Administrators continue to struggle with decisions regarding the sale of alcohol at sporting events.

Los Angeles Memorial Coliseum officials estimated in September that concessions revenues generated during University of Southern California home football games could suffer a $1.8 million setback this season. The reason? USC's decision to ban alcohol sales during the games.

Meanwhile, the Aloha Stadium Authority was, as of late December, still debating a proposed ban on alcohol consumption in the stadium's 8,000-stall parking lot before University of Hawaii home football games. The proposal is not without controversy, since concessionaire Centerplate is contracted through 2011 to sell alcohol inside the stadium during Rainbow games. Breaking that contract in the interest of total game-day prohibition would cost the state in excess of $1 million, according to some estimates.

And tight budgets at the University of Minnesota have put selling beer and wine within the club room at Gopher basketball and hockey games on the table for discussion. Not that the room is currently dry; it's just that the alcohol now flows free of charge.

No doubt, economics plays a substantial role in the decisions of collegiate athletics administrators to sell (or not to sell) alcohol at games. "It's foolish to deny that there's money to be earned by the stadium, the concessionaire and the school from the sale of alcohol, just like there is money to be earned from the sale of hamburgers, hot dogs, T-shirts and hats," says Jill Pepper, executive director of TEAM Coalition, a nonprofit organization that provides alcohol management strategies to professional and collegiate sports entities. "But alcohol abuse can go on outside the stadium without the kind of control that's present inside the stadium. From an alcohol management security perspective, our belief is that you should choose only to permit consumption inside, because that's where it can be controlled and monitored."

Whether alcohol management security measures are in place and effective is a matter of ongoing concern (see "Drinking Games," Sept. 2004).

Though only eight universities have sought TEAM Coalition training since the organization's founding 20 years ago, alcohol is currently sold within one or more playing venues at 54 schools among the 119 that comprise the NCAA's Division I-A, according to USA Today survey results published in November. Unpublished figures supplied to Athletic Business by the paper further break down those 54 schools in terms of venue location (34 sell alcohol only in on-campus facilities, 12 sell only in off-campus facilities, and eight sell in both) and purchaser profile (27 make alcohol available to the general public, while another 27 serve only to individuals with access to premium seats or club rooms).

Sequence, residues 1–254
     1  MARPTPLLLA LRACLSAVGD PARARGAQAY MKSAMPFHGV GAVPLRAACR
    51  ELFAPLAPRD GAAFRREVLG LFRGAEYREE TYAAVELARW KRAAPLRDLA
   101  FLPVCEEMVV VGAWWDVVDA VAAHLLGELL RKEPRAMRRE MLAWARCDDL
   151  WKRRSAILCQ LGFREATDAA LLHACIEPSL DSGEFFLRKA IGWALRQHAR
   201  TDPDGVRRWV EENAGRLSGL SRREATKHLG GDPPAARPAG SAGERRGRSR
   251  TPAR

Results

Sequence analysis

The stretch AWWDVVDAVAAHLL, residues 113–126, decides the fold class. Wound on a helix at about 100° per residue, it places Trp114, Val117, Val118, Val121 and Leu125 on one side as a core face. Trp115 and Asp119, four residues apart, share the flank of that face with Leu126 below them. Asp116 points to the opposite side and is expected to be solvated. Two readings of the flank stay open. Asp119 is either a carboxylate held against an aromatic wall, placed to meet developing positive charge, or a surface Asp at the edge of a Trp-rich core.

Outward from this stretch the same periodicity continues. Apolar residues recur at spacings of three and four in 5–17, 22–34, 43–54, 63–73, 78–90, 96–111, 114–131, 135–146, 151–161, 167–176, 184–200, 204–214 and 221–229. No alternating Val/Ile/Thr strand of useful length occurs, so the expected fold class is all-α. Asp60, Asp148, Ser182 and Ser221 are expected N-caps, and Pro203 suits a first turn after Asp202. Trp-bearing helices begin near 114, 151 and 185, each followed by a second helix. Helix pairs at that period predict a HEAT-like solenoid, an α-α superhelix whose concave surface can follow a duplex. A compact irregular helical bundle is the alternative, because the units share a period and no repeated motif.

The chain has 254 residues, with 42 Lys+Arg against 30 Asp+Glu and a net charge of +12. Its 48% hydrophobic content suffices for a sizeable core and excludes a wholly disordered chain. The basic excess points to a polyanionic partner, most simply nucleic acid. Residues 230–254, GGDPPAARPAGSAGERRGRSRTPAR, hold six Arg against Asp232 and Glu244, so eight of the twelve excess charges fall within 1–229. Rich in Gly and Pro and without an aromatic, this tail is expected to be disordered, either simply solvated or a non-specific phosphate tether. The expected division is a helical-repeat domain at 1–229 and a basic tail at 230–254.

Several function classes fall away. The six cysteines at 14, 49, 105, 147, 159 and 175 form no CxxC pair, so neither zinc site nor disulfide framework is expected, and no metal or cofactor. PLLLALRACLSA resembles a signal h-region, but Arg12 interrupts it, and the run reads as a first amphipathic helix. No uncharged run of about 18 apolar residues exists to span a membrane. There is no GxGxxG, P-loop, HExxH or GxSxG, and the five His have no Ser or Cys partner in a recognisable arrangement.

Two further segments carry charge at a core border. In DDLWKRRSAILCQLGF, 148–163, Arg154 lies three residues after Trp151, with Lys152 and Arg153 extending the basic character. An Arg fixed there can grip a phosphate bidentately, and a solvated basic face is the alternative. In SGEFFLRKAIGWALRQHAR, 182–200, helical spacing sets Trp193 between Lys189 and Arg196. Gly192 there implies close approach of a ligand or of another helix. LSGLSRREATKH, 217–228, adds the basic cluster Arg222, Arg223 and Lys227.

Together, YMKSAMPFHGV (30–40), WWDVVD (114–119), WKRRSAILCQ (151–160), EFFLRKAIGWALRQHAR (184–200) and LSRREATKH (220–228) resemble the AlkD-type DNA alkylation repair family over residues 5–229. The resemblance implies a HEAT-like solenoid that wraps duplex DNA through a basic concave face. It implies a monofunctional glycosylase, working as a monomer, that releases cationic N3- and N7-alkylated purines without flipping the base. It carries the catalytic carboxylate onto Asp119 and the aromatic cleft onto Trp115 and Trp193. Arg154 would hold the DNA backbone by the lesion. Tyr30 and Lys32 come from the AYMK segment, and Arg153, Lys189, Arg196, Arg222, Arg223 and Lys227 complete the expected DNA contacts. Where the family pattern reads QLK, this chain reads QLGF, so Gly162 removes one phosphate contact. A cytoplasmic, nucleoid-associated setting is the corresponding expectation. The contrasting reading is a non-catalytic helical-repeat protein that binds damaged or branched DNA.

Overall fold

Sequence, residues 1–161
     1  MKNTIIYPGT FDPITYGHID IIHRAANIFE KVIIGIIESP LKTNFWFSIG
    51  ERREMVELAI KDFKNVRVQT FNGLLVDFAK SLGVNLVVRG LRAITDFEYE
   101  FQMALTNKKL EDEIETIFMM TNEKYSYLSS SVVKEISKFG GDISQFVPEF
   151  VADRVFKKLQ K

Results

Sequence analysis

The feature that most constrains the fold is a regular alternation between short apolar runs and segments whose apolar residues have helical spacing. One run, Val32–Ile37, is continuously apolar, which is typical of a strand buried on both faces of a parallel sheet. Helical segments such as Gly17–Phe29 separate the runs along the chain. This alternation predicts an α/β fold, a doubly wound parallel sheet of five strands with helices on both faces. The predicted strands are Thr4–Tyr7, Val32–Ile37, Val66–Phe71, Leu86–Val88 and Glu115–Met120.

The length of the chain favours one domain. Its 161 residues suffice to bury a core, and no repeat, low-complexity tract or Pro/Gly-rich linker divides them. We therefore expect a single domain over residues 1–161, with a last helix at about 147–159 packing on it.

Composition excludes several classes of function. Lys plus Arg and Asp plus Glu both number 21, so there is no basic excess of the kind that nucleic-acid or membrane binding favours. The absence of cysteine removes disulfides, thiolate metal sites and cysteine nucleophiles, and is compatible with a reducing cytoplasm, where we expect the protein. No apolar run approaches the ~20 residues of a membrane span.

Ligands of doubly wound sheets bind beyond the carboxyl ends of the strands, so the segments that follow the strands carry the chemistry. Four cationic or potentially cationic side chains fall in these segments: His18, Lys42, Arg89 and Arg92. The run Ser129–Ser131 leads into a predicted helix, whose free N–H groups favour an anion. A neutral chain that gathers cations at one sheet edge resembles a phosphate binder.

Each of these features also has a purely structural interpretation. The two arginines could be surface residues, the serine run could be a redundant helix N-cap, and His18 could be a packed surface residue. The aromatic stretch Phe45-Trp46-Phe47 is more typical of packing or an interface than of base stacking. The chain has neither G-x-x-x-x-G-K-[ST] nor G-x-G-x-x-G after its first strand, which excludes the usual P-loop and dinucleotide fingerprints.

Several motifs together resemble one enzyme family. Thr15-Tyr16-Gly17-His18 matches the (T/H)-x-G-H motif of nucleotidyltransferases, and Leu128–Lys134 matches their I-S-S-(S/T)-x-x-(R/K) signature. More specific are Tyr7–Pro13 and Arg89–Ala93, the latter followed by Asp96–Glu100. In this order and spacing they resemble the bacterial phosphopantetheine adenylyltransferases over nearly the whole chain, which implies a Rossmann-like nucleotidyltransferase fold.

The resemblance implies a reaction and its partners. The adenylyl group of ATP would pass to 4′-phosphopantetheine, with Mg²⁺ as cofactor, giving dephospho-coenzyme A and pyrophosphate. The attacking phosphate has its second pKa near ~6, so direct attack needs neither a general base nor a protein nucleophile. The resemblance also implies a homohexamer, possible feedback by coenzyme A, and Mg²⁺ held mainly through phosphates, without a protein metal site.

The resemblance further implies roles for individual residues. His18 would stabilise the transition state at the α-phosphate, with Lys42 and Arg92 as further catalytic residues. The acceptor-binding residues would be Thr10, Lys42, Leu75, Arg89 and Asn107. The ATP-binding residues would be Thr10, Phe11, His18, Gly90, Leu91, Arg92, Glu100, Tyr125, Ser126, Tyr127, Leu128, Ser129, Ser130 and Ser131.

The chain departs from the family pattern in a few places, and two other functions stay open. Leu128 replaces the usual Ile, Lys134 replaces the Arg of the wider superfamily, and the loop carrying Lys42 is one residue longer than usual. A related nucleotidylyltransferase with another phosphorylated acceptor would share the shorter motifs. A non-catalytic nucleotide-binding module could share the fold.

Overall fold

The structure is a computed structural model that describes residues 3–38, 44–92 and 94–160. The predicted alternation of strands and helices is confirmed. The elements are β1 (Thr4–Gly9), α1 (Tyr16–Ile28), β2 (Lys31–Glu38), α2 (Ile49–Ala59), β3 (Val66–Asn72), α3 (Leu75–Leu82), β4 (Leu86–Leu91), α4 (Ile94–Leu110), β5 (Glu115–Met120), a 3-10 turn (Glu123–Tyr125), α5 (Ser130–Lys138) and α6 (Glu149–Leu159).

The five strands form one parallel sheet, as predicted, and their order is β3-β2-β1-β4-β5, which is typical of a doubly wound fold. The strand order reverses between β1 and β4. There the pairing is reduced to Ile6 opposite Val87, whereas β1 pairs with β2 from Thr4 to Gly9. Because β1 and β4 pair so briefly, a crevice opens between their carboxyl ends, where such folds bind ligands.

The NCAA's own figures, most recently compiled in 2003, are somewhat sketchier. Of the 77 Division I-A schools that responded to the NCAA survey question, "Does your institution allow alcoholic beverages to be sold at athletic events?" 20 said yes, and 57 said no.

Until this season, USC represented the only school in the Pac-10 Conference that sold alcohol in its home football venue, a distinction that university president Steven Sample was eager to erase. In a letter to Trojan fans last summer, Sample wrote, "All across the country, universities are promoting a clean, safe and family-friendly environment in which sports fans can enjoy their teams' games. I hope that you will support these new rules and join me in modeling civility and good sportsmanship whenever you attend our home football games." Results proved so positive, in fact, that USC officials decided in December to ban beer at Trojan basketball games, too.

However, as University of Colorado administrators have discovered, banning in-stadium alcohol sales in no way guarantees civility and good sportsmanship over the long haul.

CU became the last school among its Big 12 Conference peers to say no to beer sales to the general public at football games in 1996, and the impact was immediate. Comparing the 1995 season (when beer was last sold at Folsom Field) to 1996, the total number of game-day arrests fell from 20 to 11, and the total number of CU students referred to the Office of Judicial Affairs for alcohol-related reasons plummeted from 58 to 11. Summarizing such statistical evidence, as well as ticket-holder survey results indicating tolerance of or mere indifference to the beer ban, CU researchers summarized their findings in the September 2001 Journal of American College Health by stating, "The study illustrates what can be achieved when alcohol is eliminated from a setting that frequently fosters disorderly and aggressive behaviors."